Team Mitch Response To Grimes Reintroducing False Claim In New Ad

September 18, 2014
Contact: Allison Moore 502-618-1372

LOUISVILLE – Team Mitch today released the following statement and background information in response to Alison Lundergan Grimes’ latest ad.

"It's a touching family story about a familiar circumstance to many Kentucky families followed by a totally debunked partisan attack on Senator McConnell from an increasingly desperate Alison Grimes.  Anyone who would use their grandfather's stroke to reintroduce an attack that received the triple crown of fact check false ratings has run out of justification for their candidacy," said Team Mitch spokeswoman Allison Moore.


All Fact Checkers Rate Grimes’ Medicare Claims False

Washington Post

Washington Post Fact Checker Gave The Grimes Claim Their Toughest Rating Of Four Pinocchios. “It is derived from an analysis that has been withdrawn of a plan that no longer exists. Four Pinocchios”  (Glenn Kessler, “A Kentucky shootout over stale Medicare claims,” Washington Post, 7/11/14)

The Grimes Ad Is As “Phony As A Three Dollar Bill”. “Grimes goes for a folksy approach in her advertising, but that belies a tough message — one that is amplified by having the attack delivered by an ordinary citizen. That gives it an illusion of reality, but it’s as phony as a three-dollar bill.” (Glenn Kessler, “A Kentucky shootout over stale Medicare claims,” Washington Post, 7/11/14)

The CBO Retracted The Projection: “In a September 2013 report, CBO found that the “average-bid” option would actually provide savings for beneficiaries; the same report essentially retracted the 2011 analysis that formed the basis of CBPP’s $6,000 projection. The nonpartisan agency said the 2011 report was a “rough analysis” and that the results are now “substantially different,” in part because of “substantial improvements in CBO’s modeling of the behavior of beneficiaries and insurers.” The earlier report also assumed that health-care spending covered by private plans would be much higher at first and then grow faster than currently estimated — in part because Ryan’s 2011 version did not include traditional Medicare as a bidding option.” (Glenn Kessler, “A Kentucky shootout over stale Medicare claims,” Washington Post, 7/11/14)


Politifact Gave Grimes Ad Their “False” Rating. (Steve Contorno, “Did Mitch McConnell vote to raise a senior's Medicare costs by $6,000?,” Politifact, 7/10/14) Labeled Grimes Claims “False” And Compared Them To A Ghost Story. “Ghost stories are fanciful, frightening tales told to children. But the claim that Republicans would increase Medicare costs by $6,000 per beneficiary is a story Democrats use to scare senior citizens — and it’s just as false. (Brooks Jackson, Robert Farley and Lori Robertson, “Medicare Ghost Stories,”, 7/9/14) Calls Grimes Ad Claim The “Whopper Of The Week. FACTCHECK.ORG WHOPPER OF THE WEEK: This week’s honor goes to Democrats who continue to insist that Republicans would increase annual Medicare costs by $6,000 per beneficiary. The latest example of this bogus claim shows up in a TV ad by Alison Lundergan Grimes, who is running against Sen. Mitch McConnell in Kentucky. The $6,000 figure is based on a Congressional Budget Office analysis of Rep. Paul Ryan’s 2011 Medicare proposal, which would have phased out traditional Medicare and replaced it with a “premium support” system of government-subsidized private insurance. But it’s now clear that CBO’s $6,000 estimate was wrong. CBO now says its 2011 report was a “rough analysis” based on assumptions that have proven invalid. Also, Ryan’s Medicare plan has substantially changed since he first proposed it in 2011. The fact is, the current Republican proposal is modeled on a plan that would lower seniors’ Medicare premiums and total medical costs by 6 percent, according to the CBO. The full story, “Medicare Ghost Stories”:” (Elizabeth Titus, “Morning Score,”Politico, 7/11/14)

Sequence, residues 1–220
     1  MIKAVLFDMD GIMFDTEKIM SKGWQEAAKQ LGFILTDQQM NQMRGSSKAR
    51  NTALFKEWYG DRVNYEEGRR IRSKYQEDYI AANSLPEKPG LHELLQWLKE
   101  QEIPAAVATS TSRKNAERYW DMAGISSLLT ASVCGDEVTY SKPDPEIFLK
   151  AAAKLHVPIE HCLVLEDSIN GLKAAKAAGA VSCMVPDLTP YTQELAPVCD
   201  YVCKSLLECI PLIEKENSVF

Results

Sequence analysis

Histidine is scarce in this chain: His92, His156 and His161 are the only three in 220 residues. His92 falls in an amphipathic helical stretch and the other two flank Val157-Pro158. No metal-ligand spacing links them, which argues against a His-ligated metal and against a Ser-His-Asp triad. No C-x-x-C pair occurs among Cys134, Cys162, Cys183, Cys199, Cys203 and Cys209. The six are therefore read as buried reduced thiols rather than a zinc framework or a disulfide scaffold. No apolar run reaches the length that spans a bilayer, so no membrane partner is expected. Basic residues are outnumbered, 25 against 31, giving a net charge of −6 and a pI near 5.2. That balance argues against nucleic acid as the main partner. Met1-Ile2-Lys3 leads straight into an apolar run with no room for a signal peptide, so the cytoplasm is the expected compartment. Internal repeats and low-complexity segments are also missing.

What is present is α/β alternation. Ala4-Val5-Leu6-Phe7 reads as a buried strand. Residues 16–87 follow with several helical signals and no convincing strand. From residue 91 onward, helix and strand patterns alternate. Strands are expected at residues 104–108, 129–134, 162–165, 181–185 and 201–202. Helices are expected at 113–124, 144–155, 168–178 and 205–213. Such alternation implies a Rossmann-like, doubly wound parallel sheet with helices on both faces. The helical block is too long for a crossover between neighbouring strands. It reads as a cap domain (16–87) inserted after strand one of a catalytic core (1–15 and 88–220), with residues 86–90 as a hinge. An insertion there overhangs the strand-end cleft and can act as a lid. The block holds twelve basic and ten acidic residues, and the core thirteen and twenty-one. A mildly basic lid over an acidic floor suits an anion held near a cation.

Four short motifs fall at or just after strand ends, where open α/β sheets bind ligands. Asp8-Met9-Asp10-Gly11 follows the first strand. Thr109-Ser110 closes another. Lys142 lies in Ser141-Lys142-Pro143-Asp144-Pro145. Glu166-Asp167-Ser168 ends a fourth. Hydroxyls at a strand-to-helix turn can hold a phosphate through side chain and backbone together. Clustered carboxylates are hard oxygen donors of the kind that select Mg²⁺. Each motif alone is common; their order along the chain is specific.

Kentucky Media

AP Calls Alison Lundergan Grimes Ad Claim “Shaky”. “Shaky claims about Medicare were common in the 2012 campaign, from President Barack Obama on down. Now they've surfaced in this year's midterm elections, in one of the hottest Senate races in the country. (Adam Beam, Calvin Woodward, “FACT CHECK: Grimes Releases First Negative TV Ad,” Associated Press, 7/8/14)

WDRB: Washington Post Fact Checker Has Debunked Similar Claims. “But the Washington Post Fact Checker has termed similar claims by other Democratic candidates so out of date as to be "laughable" and called on them to "drop the repeated Medicare references." But following a speech here in Louisville, Grimes stuck by the ad. (Lawrence Smith, “Grimes launches first attack ad in U.S. Senate race,” WDRB, 7/8/14)

WPSD: “ANCHOR: We're four months from Decision 2014, and Kentucky Senate candidate Alison Lundergan Grimes is going on the attack in her first negative ad. GRIMES AD: I want to know how you could have voted to raise my Medicare costs to $6000? ANCHOR: In the ad Grimes accuses her opponent, Mitch McConnell, of voting to raise a retired coal miner's Medicare costs. But there's a problem here. The plan McConnell voted on back in 2011 would not have raised this miner's costs, or anyone retired or close to retirement. That bill never did pass, failing in the Senate. (WPSD Local 6 News, 7/8/14)

Do you like this post?